Last week I attended a five-day course at the Roffey Park Institute entitled the Art of Facilitation. On some level I thought I had signed up to learn more skills and techniques, particularly in how to facilitate conversations about the shadow or covert processes that play out in groups. I quickly realised I had other lessons to learn.
For example, my presence as a facilitator can come from embodying a certain stillness and that more can happen for people and groups in the silences I leave, rather than in the ‘facilitating’ talk I engage in. I experienced a more profound connection with my group of co-participants by both acknowledging my separateness and letting go of my need to add value with clever interventions. I listened more deeply, noticed more about people’s body language, their voices and seemed to hold the space (or field) for the group in a way that worked for them.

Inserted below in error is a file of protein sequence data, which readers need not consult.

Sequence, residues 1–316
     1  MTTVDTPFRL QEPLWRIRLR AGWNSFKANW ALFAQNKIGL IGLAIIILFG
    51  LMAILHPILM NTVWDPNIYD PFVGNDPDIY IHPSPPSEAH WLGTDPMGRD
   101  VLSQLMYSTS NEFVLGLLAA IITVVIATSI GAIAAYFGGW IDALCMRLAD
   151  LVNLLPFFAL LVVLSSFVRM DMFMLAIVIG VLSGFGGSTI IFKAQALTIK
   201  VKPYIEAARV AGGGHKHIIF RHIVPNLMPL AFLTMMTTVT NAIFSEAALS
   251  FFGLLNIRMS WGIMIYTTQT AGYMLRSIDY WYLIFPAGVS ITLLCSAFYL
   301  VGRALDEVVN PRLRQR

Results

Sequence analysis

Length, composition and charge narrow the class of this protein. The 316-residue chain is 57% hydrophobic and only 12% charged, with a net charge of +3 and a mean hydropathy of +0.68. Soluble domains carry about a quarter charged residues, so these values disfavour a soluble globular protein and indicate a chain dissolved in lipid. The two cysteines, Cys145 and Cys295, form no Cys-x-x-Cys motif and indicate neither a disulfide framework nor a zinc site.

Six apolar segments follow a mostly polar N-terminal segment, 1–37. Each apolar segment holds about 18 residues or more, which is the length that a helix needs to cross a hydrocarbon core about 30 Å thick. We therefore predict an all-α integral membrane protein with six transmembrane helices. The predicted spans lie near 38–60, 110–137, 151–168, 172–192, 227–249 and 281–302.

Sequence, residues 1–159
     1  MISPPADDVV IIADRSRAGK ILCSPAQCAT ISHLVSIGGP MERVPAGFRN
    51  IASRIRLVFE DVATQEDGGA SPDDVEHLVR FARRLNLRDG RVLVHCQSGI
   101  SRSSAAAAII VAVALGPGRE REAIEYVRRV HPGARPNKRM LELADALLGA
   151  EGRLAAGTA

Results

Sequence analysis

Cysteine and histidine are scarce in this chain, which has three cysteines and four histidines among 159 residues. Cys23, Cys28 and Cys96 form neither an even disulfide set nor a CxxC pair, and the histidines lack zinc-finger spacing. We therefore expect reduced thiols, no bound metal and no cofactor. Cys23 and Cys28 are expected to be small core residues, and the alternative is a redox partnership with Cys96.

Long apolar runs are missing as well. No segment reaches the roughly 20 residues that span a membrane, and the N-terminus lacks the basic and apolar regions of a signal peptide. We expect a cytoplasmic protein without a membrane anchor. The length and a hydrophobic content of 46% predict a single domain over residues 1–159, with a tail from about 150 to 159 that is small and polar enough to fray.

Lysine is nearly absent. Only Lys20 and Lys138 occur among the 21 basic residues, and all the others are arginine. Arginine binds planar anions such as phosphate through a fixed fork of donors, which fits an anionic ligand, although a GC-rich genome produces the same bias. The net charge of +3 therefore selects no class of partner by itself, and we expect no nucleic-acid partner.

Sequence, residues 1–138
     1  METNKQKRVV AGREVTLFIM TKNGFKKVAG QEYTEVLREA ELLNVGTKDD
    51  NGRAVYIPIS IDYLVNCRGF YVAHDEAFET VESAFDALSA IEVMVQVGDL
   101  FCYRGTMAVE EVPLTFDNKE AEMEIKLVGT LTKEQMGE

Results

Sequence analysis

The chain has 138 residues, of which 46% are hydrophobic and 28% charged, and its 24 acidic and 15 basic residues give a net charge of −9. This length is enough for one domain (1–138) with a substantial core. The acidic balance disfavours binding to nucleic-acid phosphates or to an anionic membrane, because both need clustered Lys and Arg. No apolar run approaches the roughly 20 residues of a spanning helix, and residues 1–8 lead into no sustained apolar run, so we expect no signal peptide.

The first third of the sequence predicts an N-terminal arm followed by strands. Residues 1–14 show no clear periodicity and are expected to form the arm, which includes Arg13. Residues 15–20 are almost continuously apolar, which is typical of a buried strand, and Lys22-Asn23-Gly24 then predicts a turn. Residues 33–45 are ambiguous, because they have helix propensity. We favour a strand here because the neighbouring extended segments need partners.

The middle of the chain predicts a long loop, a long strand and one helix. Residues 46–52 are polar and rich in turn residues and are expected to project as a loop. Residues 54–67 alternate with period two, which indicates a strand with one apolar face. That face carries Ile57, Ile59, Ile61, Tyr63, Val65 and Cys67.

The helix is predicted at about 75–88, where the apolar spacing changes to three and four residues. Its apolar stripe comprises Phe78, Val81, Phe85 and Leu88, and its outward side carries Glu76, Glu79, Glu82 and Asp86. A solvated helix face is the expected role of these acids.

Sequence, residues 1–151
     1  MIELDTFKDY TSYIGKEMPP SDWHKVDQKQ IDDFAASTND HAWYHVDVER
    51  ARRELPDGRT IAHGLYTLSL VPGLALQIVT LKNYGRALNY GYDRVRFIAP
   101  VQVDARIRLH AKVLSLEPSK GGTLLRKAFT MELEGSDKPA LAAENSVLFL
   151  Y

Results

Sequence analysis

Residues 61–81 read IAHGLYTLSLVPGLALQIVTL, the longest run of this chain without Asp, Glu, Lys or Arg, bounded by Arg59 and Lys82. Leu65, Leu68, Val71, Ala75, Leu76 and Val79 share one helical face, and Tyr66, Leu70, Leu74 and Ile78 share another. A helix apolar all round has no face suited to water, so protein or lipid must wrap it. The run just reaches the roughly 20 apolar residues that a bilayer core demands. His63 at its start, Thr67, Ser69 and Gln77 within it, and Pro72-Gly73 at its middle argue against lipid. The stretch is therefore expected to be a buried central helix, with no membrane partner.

These lessons were surprising, yet not surprising at the same time. They are things I have heard before, but somehow this time they landed – I was ready for the lessons and willing to take the risk to experiment with new ways of being with people as a facilitator. These lessons, therefore, were also immensely valuable. I returned to work on Monday with my sense of presence and stillness intact. This seemed to open a more profound space for my coaching clients, resulting in deeper reflections and insights from them about the topics they were working through.
Less really can mean more.